Turbidity is one of the water quality indicators that can still be useful even though it doesn’t point directly toward any specific microbiological or chemical contaminants. It essentially measures how efficient the filtering is. If the turbidity of finished, treated water is above a certain threshold, that can be a warning sign of filter deficiencies or too much debris in the water mains. It can also point toward other potential treatment problems that might introduce pathogens to the distribution system (e.g. biofilm).

This water quality indicator is measured by online turbidimeters, portable turbidimeters, or benchtop turbidimeters. The turbidity of the water can be determined quickly on site, making it one of the more convenient water quality monitoring methods.

pH

Most people are at least passingly familiar with pH values. You probably studied it in science class at one point or another. So, as you likely already know, pH measures how acidic or basic a substance is, and it’s one of the most commonly used water quality indicators. It stands for potential of hydrogen. The scale goes from 0 to 14 — the lower the pH value, the more acidic the water is. A pH value of 7 is neutral.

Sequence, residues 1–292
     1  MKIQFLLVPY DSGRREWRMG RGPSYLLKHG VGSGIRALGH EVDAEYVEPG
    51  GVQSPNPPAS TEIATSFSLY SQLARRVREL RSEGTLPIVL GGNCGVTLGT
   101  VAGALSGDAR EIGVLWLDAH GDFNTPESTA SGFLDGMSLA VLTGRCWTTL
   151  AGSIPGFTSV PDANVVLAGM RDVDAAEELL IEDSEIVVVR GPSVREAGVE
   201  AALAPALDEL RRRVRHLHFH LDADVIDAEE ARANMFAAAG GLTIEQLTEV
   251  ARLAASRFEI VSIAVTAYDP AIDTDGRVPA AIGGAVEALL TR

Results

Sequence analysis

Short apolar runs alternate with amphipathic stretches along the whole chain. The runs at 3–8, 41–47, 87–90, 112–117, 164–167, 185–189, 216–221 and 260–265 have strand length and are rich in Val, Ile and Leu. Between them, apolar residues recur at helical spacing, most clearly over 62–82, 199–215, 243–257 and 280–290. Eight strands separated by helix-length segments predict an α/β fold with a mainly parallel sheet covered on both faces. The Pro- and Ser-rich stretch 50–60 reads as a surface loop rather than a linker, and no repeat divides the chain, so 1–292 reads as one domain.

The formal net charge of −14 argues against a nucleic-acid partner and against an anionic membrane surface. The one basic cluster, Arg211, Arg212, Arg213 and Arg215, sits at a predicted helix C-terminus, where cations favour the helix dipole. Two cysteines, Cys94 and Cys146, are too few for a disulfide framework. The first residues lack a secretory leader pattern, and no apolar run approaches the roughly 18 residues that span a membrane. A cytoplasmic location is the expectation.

The pH value is important to water quality monitoring because changes to it can indicate system contamination. If the regular pH value of a water system has been established and then experiences a decrease in observed pH level, that might be an indicator of undesired bacteria growing within the system. 

What’s more, a water supply with a high pH level can taste bad, while a water supply with a low pH level can even degrade the pipes through which it runs. These are just a few of the reasons water quality monitoring often includes pH level as a main indicator. Utilities can monitor pH on-site, and they can get near-immediate results.

Conductivity

Perhaps this is one indicator that needs no explanation, but we’ll give a brief one anyway: The ability to carry an electrical current. Pure water actually has a very low level of conductivity, but sea water and other forms of water in which different materials are dissolved can have high conductivity. 

Thus, this is one of the water quality indicators that has the potential to raise a red flag about how much dissolved material is in the water. This material might include chemicals (like chlorine), minerals, and even sewage leaks. A sudden change in conductivity can be a sign of a contamination event or a pathway breach within the water distribution system, which are both big problems that need to be addressed. Corrosion within the system can also cause the conductivity measurement to change.